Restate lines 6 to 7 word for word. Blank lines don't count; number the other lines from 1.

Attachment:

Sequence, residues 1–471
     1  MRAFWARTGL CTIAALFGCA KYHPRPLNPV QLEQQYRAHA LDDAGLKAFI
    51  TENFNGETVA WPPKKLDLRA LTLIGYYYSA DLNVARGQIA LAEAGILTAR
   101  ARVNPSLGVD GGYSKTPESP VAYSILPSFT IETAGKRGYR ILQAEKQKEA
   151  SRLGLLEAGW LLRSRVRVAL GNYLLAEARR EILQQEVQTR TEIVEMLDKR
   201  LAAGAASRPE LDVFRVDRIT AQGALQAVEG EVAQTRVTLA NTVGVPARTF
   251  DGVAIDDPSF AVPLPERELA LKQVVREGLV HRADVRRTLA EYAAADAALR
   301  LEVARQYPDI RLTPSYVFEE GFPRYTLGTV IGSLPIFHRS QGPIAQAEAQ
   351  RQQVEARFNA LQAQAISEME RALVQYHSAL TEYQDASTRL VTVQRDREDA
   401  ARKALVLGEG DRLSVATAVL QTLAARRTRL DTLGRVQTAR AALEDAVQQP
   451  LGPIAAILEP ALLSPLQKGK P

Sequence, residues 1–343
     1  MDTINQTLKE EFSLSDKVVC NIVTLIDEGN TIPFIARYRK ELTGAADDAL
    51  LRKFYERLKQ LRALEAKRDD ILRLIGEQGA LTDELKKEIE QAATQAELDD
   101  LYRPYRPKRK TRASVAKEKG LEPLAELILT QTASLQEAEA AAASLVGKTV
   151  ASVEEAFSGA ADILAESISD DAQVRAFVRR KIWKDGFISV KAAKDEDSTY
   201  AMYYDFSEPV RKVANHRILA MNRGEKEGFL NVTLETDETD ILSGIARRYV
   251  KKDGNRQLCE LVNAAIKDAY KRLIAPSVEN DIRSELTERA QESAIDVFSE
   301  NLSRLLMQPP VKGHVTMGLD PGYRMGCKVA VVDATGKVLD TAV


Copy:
   201  LAAGAASRPE LDVFRVDRIT AQGALQAVEG EVAQTRVTLA NTVGVPARTF
   251  DGVAIDDPSF AVPLPERELA LKQVVREGLV HRADVRRTLA EYAAADAALR